Have the wheels come off the Donald Trump campaign in Wisconsin? Polling and a series of strange declarations by the Republican frontrunner certainly suggest that scenario, although the primary calendar could make the question moot. The Washington Post’s James Hohmann proposes that the Badger State could prove to be Trump’s Waterloo on a number of levels:
Wisconsin could be Trump’s Waterloo. Ted Cruz leads him in the Badger State by 10 points in a poll released yesterday by Marquette University law school. The survey, looking at next Tuesday’s primary, shows Cruz has gained 21 points since last month while Trump held steady. Trump gets 35 percent among men and 24 percent among Republican women. …
Another piece of oft-repeated conventional wisdom—especially by pundits on cable TV—is that nothing Trump does ever hurts him. This may be true among his core supporters, but it is not true among the electorate writ large. Every time he says something like what he said about abortion yesterday, it becomes that much harder for some voters to swallow their fears and doubts. It also less tenable for Trump to recast and reposition himself in the fall.
Part of what frightens GOP insiders so much is The Donald’s rash unpredictability and lack of message discipline. The abortion answer reinforced this. Remember back in 2008 when Republican elites worried about how erratic John McCain was? That seems rather quaint at this juncture. As GOP strategist David Carney told my colleagues Phil and Bob, “It’s like taking a wagon full of nitroglycerine across the prairie. It’s great if you get to the mountains and blow them up for gold. But it’s pretty unpredictable.”
Message discipline is one concern, but that’s perhaps only scratching the surface of the problem Trump has created this week in Wisconsin, as I write in my column for The Fiscal Times today. In a townhall forum with CNN, Trump asserted that the top priorities for the federal government were security, education, and health care, reversing decades of Republican and conservative policy positions. He followed that up by blasting Scott Walker for refusing to raise taxes in Wisconsin while balancing a budget. Which party nomination is Trump seeking?
During a CNN Town Hall Forum, broadcast live on Tuesday evening, an audience member asked Trump, “What are the top three functions of the United States government?” After asking for the question to be repeated, Trump responded, “Well, the greatest function of all by far is security for our nation,” a sentiment shared by conservatives, Republicans, and no small numbers of independents and Democrats as well. …
However, Trump’s answer did not stop there. “I would also say health care, I would also say education,” he finished, while emphasizing that security came first. Anderson Cooper, moderating the forum, didn’t quite believe he’d heard Trump correctly. “So in terms of the federal government’s role,” Cooper asked, “you’re saying security, but you also say health care and education should be provided by the federal government?”
“Well, those are two of the things,” Trump replied. “There are obviously many things, housing, providing great neighborhoods.”
Since when do Republicans think that “providing great neighborhoods” is a function of the federal government? This answer is less of a “messaging problem” than it is a revealing look into a candidate who has little connection to the post-Reagan Republican Party identity. And if that wasn’t evidence enough of that, consider Trump’s petulant reaction to Walker’s endorsement of Ted Cruz earlier this week:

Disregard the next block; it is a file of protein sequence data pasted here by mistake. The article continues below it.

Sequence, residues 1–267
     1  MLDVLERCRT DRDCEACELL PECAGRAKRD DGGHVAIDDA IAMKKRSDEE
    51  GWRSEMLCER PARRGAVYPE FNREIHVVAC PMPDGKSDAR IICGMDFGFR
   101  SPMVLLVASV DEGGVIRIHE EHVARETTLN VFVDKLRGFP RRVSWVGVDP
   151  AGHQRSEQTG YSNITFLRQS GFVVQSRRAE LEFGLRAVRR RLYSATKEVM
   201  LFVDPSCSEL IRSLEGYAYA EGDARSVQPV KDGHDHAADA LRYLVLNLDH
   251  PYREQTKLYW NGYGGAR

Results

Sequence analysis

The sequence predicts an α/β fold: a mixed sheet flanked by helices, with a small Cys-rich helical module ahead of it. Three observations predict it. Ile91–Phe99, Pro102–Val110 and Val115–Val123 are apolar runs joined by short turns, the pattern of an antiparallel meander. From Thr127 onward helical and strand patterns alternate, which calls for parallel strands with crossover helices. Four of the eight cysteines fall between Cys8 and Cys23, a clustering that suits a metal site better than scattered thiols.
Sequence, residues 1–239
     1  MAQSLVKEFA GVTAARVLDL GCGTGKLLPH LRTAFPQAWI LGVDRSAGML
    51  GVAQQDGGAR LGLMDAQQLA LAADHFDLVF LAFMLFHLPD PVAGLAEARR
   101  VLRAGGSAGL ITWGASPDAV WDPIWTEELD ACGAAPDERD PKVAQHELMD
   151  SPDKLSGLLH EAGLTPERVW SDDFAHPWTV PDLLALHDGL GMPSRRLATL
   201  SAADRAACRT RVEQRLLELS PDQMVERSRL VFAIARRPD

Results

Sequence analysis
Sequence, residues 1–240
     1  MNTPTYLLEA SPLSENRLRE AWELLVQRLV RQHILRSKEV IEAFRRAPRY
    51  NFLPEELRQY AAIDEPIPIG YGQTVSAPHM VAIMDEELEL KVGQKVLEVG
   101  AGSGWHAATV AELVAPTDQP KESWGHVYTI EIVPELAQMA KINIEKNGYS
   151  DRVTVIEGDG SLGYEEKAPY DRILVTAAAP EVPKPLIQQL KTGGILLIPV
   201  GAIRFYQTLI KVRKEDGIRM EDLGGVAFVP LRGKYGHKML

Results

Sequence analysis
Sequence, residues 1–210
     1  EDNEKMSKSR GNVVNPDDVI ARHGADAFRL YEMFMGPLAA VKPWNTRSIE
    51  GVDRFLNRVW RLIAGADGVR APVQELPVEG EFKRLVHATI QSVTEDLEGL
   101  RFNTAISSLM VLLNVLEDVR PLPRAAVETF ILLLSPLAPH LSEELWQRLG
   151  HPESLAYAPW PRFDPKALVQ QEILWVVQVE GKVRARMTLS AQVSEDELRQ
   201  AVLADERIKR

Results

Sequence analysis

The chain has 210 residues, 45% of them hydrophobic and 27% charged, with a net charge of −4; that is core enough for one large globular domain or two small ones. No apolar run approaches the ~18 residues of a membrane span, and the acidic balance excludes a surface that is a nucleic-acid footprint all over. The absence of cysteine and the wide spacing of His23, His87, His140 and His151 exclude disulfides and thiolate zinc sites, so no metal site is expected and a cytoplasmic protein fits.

Walker endorsed Ted Cruz this week, citing his record as a “consistent conservative.” In response, Trump blasted Walker for ignoring a $2.2 billion deficit for his own political gain, and then refusing to raise taxes to cover the shortfall. “There’s a $2.2 billion deficit and the schools were going begging and everything was going begging because he didn’t want to raise taxes ’cause he was going to run for president,” Trump told radio host Michael Koolidge. “So instead of raising taxes, he cut back on schools, he cut back on highways, he cut back on a lot of things.”
Actually, the $2.2 billion deficit is a figment of Trump’s imagination. It never existed. Furthermore, neither did the massive cutbacks that Trump conjures. Spending on education, health care, and transportation all increased slightly in the latest biennial budget, just not as much as Democrats demanded. In fact, Wisconsin still spends more per capita than any of its neighboring states. Trump’s hysterical description of Walker’s budget discipline sounds much more like the kind of rhetoric one hears from Democrats and stakeholders in big government than from Republican candidates for higher office.
That’s not a messaging problem; it’s an identity problem. And it’s not Trump’s problem — it’s a challenge for the identity of the GOP and its voters.
As far as it being a Waterloo, that depends in large part on New York, Pennsylvania, and California, the biggest prizes on the primary calendar after Wisconsin. Trump’s throwback to Rockefeller Republicanism will probably play well in those states, while still leaving Trump very little chance of winning those states in the general election. If so, that will be a Waterloo for Ronald Reagan’s Republican Party, and what will follow may leave movement conservatives, fiscal discipline, and the prospect of limited government out in the cold for a long, long time.